1988 was an interesting year for The General’s Cadillac Division. The Cavalier-based Cimarron was in its final year of sales, the Hamtramck/Turin-built Allanté was in its second year (and priced about the same as a Mercedes-Benz S-Class), and the “traditional” rear-wheel-drive Brougham sedan shared showroom space with the front-wheel-drive De Villes, Eldorados, and Sevilles. The old Sixty Special name was still being used, along with such slightly newer titles as Elegante and d’Elegance. While the Allanté lived at the top of the GM prestige pyramid for ’88, the Fleetwood was the car of choice for those very wealthy Cadillac shoppers who insisted on four doors and zero Pininfarina nonsense. Here’s one of those cars, found in excellent condition in a Denver yard last spring.
The Fleetwood came in two flavors for 1988: The $28,024 d’Elegance and the $34,750 Sixty Special (that’s about $67,320 and $83,480, respectively, in 2021 frogskins). Both lived on the same platform as the ordinary De Ville (not to mention the Olds Ninety-Eight and Buick Park Avenue), but the Sixty Special had another half-foot of wheelbase.
The Northstar V8 was still a few years off, so the Fleetwood (as well as the De Ville, Eldorado, and Seville) got the 4.5-liter version of the High Technology V8, rated at 155 horsepower in 1988. The Allanté had a 4.1-liter version of the HT with 170 horses, while the Brougham received an Oldsmobile 307 with just 140 horsepower but a mighty 346 pound-feet of torque (the venerable Olds V8 continued in production all the way through 1990).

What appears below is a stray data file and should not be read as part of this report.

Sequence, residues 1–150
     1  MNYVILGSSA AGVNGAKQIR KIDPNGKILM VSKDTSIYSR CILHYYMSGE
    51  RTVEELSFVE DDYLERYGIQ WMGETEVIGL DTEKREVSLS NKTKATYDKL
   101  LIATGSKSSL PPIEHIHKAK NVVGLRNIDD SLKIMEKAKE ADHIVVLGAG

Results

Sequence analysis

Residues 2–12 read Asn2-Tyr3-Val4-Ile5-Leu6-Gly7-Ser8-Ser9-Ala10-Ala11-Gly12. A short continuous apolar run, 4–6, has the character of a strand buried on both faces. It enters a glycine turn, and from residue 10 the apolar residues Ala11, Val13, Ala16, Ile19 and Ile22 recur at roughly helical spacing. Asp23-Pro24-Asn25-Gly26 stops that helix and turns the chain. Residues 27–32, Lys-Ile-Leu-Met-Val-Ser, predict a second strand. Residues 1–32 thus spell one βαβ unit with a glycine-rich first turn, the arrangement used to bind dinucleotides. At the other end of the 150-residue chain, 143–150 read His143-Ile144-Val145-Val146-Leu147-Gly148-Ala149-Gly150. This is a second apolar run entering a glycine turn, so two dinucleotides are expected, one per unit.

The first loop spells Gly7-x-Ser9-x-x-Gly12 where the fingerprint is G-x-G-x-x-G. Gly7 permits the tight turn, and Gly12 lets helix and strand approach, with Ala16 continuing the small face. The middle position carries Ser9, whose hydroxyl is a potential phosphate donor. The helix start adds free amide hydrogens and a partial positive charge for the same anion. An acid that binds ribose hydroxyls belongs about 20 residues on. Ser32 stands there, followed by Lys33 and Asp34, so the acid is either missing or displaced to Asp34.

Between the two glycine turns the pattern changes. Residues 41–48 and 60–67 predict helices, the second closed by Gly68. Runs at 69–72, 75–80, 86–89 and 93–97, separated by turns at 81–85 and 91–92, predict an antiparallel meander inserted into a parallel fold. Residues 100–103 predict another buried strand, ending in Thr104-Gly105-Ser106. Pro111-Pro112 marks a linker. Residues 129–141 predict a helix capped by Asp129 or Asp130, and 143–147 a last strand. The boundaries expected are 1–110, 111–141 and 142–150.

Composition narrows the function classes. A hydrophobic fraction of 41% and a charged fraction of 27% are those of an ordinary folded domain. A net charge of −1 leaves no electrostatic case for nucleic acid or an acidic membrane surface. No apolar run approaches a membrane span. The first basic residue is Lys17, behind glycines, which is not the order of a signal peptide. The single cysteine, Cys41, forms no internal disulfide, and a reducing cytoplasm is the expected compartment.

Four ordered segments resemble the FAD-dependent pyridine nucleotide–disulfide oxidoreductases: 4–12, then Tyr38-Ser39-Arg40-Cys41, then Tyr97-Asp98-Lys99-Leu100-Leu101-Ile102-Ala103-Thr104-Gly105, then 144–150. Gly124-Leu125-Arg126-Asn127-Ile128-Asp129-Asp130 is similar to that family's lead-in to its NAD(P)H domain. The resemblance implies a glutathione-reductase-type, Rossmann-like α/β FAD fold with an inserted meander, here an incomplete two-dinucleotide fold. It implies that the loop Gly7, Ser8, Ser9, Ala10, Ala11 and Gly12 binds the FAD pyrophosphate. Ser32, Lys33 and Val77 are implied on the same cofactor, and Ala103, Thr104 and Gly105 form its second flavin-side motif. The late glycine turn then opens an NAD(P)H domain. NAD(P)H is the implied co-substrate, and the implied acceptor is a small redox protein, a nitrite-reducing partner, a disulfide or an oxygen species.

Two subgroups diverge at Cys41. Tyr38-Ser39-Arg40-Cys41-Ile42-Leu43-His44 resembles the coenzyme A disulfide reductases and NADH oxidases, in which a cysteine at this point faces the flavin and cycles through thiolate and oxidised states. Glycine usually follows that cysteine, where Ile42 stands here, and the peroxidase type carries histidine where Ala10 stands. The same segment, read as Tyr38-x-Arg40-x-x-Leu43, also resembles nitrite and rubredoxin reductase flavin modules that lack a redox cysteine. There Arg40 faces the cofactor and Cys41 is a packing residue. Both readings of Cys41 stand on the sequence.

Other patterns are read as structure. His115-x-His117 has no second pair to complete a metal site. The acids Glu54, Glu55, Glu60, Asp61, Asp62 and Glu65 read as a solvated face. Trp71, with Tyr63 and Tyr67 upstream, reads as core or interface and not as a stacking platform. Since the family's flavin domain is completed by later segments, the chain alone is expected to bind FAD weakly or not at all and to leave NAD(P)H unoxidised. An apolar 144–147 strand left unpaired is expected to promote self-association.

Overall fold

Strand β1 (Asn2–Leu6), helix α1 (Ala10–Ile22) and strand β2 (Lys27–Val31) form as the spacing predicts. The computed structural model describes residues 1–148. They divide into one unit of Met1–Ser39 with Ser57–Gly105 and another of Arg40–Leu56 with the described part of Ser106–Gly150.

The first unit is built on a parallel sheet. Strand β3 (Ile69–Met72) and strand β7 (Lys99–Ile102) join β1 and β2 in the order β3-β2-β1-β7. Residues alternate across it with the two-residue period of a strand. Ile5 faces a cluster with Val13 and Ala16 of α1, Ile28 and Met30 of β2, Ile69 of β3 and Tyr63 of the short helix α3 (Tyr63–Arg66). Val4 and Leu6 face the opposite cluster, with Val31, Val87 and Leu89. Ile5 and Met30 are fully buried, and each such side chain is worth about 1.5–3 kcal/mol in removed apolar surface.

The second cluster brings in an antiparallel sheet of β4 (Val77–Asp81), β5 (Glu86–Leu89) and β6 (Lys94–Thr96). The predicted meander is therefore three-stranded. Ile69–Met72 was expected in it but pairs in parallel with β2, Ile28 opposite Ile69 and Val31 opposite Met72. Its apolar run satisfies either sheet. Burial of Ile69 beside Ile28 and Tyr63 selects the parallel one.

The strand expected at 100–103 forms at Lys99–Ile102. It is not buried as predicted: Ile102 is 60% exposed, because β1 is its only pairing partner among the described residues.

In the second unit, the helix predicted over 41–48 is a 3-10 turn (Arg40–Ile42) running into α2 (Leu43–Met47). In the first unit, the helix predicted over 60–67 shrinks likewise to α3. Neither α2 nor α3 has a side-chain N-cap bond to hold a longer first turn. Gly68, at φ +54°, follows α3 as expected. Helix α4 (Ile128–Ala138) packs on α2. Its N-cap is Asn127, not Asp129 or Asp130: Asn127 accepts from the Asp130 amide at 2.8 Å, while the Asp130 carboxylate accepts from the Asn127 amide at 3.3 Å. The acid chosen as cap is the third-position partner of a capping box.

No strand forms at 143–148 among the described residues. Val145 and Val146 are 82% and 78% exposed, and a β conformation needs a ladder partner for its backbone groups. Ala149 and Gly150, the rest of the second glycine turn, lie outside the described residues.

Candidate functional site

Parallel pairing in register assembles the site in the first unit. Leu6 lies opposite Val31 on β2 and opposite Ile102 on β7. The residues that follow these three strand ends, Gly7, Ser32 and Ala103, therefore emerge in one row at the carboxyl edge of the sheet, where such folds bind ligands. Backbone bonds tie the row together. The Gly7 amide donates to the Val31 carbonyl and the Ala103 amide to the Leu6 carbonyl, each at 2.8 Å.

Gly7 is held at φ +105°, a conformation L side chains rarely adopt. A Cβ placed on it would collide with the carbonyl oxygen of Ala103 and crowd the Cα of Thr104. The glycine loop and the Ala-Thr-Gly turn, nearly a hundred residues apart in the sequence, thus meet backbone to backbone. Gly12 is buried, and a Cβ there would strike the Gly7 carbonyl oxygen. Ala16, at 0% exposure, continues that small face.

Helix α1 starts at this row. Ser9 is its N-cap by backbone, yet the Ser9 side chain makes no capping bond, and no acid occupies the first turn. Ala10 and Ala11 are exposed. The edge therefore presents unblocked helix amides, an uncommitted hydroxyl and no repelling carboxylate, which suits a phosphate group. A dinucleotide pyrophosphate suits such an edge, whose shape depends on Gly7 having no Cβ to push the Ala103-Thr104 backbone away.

All the doors were locked (a common tactic by junkyard shoppers who wish to prevent others from buying interior parts before they can sell a few pints at the blood bank and come back) and I didn’t feel up to coat-hangering a lock at that time, but you can see through the glass that this car’s interior was close to mint when its career ended. There’s a bit of torn upholstery plus some tape on the driver’s armrest, and that’s about all the damage.
One owner? Probably.
The padded vinyl landau roof shows some sun damage, but nothing too severe.
The “wire wheel disc” hubcaps came as standard equipment on the Fleetwood d’Elegance, with aluminum 15″ wheels available for an additional $435. Real wire wheels could be purchased for 940 bones; those are much sought-after today by owners of Houston-style SLABs.
Yet another junkyard example of the Rare But Not Valuable phenomenon.
This is your life and you’re the only one who’s livin’ it. The Cadillac owners shown in this commercial appear to be one-third to one-half the age of your typical Cadillac buyer of the immediate pre-Escalade era.
The 4.5-liter HT engine was so revolutionary that it got its own TV ad.
The state of the art in six-passenger luxury, as seen on Matlock.
For links to better than 2,100 additional Junkyard Finds, visit the Junkyard Home of the Murilee Martin Lifestyle Brand™.
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